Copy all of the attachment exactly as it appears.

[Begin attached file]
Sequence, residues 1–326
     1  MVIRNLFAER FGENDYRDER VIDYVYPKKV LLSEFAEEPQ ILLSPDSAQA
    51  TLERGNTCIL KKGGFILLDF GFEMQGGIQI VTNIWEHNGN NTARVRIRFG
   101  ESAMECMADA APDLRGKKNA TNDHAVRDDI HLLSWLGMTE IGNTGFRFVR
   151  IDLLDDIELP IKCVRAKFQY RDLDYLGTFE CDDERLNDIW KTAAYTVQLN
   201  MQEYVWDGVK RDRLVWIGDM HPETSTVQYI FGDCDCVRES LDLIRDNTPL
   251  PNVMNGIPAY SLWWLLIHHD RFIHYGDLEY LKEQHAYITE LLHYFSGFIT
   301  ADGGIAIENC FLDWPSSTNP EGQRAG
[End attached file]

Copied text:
Sequence, residues 1–326
     1  MVIRNLFAER FGENDYRDER VIDYVYPKKV LLSEFAEEPQ ILLSPDSAQA
    51  TLERGNTCIL KKGGFILLDF GFEMQGGIQI VTNIWEHNGN NTARVRIRFG
   101  ESAMECMADA APDLRGKKNA TNDHAVRDDI HLLSWLGMTE IGNTGFRFVR
   151  IDLLDDIELP IKCVRAKFQY RDLDYLGTFE CDDERLNDIW KTAAYTVQLN
   201  MQEYVWDGVK RDRLVWIGDM HPETSTVQYI FGDCDCVRES LDLIRDNTPL
   251  PNVMNGIPAY SLWWLLIHHD RFIHYGDLEY LKEQHAYITE LLHYFSGFIT
   301  ADGGIAIENC FLDWPSSTNP EGQRAG